by Harriet Sohmers Zwerling

A tiny grasshopper, the color of jade,
lands on the worn wood deck in front of me.
First, I think it’s a leaf;
then it turns itself around toward the bay
and I see its shape, its little paperclip legs,
moving forward like pistons in an engine,
picking up speed, and then,
rocketing into space all the way to the water!
Such incredible energy in such a small machine,
while I, this old woman,
struggle to stand.

I started writing in high school and haven’t been able to stop since.


by Charles Troob

Wisteria encloses our yard on three sides
Tendrils poke through fence slats
thick ropy stems burrow underneath

A foot or two in from the property line
a vine shoots up from the soil
Every half inch or so it spews out
a cluster of leaves—five pairs
and one more on the end
in mindless replication
then marches on
seizing every opportunity to take hold and climb

A few weeks ago I found wisteria poking
under the fence, then twisted around a seven-foot
false cypress in stranglehold from base to top
I snipped it at the base
spent a quarter hour unraveling
ten yards or so of green vine
and tossed it in the street
for village compost

If the neighbors joined
eradication might be possible
but invasion to me is decoration to them
Next door an arbor supports wisteria a foot thick
Late May it blooms in grapey clusters
the scent heavy
as if to show up the graceful lilacs
that open on Mother’s Day and quickly fade—
like Mama Rose in Gypsy
taking the stage after her daughter’s star turn
blowsy overripe
unlovable but a life force

Charles Troob attends Sarah White’s weekly poetry group. Occasionally he gets lucky and something good comes out.  Enjoy!  

Three Poems

by Carol Schoen


They were nobodies;
two of the million
children of immigrants
from East Europe,
not artistic,
or philosophic,
or brilliant.

Born in New York
same time
as the Communist state
in Russia,  Julius and Ethel
committed their lives
to the goal of equality
for all.  They never lost faith.


Hundreds of years in Russia
as merchants, managers,
we kept order among the serfs,
dwelled in shtetls, ignored at best,
while the elite wrote scurrilous
books about us.

The Communists gave us the vote!
Imagine that!  We were citizens,
no longer aliens barely tolerated
Citizens, participants in the great dream.
We owe them.  I just wanted to help.


No one saw the scabs,
police batons hacking

at the people’s  backs.
My first job, I  was a leader
striking for workers rights;
we won few concessions.

Julius said NO!
let the people feel oppression ,
suffer till they understand
only total change,
total destruction of the old,
will bring the relief
that communism offers.

Destroy?  destroy?
More suffering?

Carol Schoen wrote her first poems for Sarah White’s study group and has been chugging along happily ever since.

This Hand

by Mireya Perez Bustillo

In 1588 the Dutch sculptor
Henrick Goltzius drew his right hand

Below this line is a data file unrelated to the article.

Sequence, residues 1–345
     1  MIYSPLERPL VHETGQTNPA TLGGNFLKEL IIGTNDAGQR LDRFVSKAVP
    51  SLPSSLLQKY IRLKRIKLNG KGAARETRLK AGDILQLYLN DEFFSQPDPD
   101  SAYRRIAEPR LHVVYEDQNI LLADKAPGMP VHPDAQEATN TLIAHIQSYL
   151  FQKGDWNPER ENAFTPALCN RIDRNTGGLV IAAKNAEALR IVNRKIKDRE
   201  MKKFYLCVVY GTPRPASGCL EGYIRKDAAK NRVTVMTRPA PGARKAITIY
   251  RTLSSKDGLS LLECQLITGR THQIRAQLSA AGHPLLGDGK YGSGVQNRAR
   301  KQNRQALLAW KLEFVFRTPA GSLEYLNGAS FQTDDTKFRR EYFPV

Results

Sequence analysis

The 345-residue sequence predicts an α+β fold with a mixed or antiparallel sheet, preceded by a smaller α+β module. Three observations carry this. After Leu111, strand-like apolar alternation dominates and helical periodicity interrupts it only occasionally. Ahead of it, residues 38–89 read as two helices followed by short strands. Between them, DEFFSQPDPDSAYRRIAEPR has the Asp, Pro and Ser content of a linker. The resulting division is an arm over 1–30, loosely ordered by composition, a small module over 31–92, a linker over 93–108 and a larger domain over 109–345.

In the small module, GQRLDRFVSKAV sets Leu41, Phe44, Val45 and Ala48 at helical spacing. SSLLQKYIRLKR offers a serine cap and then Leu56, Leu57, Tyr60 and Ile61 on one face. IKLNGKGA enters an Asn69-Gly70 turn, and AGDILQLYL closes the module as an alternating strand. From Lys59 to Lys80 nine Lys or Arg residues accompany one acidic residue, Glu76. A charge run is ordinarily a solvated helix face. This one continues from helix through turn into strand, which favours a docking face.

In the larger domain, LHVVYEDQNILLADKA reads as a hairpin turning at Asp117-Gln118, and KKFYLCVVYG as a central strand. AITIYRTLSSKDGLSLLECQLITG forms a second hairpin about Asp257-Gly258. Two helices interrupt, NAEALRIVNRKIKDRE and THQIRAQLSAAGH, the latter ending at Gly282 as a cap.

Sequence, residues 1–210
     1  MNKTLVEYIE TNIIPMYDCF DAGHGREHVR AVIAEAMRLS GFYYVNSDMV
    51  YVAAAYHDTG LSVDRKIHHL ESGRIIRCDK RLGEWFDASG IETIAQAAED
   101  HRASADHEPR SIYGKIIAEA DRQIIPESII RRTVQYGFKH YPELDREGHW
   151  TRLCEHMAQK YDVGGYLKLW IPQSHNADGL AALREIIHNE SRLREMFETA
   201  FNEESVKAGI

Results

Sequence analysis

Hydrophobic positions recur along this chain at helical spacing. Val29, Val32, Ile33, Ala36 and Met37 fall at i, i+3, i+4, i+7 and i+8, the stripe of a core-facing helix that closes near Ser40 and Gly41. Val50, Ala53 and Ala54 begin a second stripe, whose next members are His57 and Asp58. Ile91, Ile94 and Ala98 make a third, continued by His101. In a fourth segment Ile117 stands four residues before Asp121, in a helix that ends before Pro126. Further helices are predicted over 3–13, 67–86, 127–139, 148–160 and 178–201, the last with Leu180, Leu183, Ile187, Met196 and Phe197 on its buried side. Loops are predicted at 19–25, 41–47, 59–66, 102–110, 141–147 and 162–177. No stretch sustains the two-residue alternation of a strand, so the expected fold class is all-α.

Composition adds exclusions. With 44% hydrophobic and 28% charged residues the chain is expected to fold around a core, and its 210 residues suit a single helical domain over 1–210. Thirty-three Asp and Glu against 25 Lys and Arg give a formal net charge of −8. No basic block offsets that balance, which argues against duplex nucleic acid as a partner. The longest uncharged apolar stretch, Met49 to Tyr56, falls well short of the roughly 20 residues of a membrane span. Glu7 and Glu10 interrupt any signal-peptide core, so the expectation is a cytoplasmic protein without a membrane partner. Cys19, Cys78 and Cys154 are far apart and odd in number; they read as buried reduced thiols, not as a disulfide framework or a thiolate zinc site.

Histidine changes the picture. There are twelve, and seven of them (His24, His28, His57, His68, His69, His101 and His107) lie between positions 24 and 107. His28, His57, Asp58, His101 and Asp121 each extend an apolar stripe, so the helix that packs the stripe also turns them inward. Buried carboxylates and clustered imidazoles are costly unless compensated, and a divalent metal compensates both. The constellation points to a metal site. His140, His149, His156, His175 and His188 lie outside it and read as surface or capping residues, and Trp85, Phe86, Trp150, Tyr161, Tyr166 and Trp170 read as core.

Strong gnarled
With knobbed knuckles
And strong wrist
With the white cuff rolled up
The veins bulging
Today I see my right hand
Delicate weakened
My wrists a narrow cuff
My thumb
Not its normal self
As it knows
It needs to rest
A while
Write another way
A week before its surgery


by Mireya Perez Bustillo

Like a beetle under a frog’s skin
the paint bubbled larger with the heat
almost ready to burst like when she
held “number one” under her belly was hard like
……………………………………………..a balloon.

Sarita liked to look at the bubble
When Miss Jones started with the questions:
……….What happened to the old woman
……….who lived in a shoe?
……….Why did the cow jump
……….over the moon?
……….What did Jack eat as he
……….sat in his corner?

In the bubble puff Sarita could see
“Rin Rin Renacuajo” “Mirringa Mirronga” and “Pastorcita”*
………And Miss Jones doesn’t even
………know why “Rin Rin” left all
………dressed up and so early, or
………why  “Pastorcita” lost all her sheep
………“Rin Rin” is the best and papi
………taught me it and I know
………it all and say it for the guests.

“Sarita, Sarita, there you go again… “
………And I bet Miss Jones doesn’t
………know you say at the end
………“Colorin, Colorado, este cuento
………se ha acabado” ** And
………She doesn’t even know about the bubbling.

*Characters in nursery stories by Colombian writer, Rafael Pombo
** Traditional way of ending fairy tales and nursery rhymes in Spanish

Still Life : September 15, 2001

by Carmen Mason

Is that what it is
this life?
Painting on water
the center not holding
no still life anywhere?

I am glad that the
children are still
on their swings
lovers still
holding hands
tighter than yesterday

fishermen on the bridge
watch the smoke
from the towers
forgetting the line’s pull
the silver dervish
at the end of the line

Driving by the small park
I notice it’s filled with
birch trees, triumphant
warriors of blight

a bride and groom
walk to the edge
of the pier and kiss
as the merciless smoke
leaves the frame of the camera

I am aware of all
I have not seen for years
All things precious

I see everything now
and wait for the next
glimpse of subject
the registering
the arm lifting
the brush taking
its oily ink to write
to paint on water.

I have been writing prose and poetry all my life.
They are sighs of joy, cries for help, testaments of love
or loss, refuge and epiphany. They surprise, console
and astound me. Just like friends and strangers do.

American Beauty

One does not become enlightened by imagining the figures of light
but by making the darkness conscious.  ~ Carl Jung

by Carmen Mason

Oh yes
the melon roses
shot with coral edging bending
down, their scalloped shadows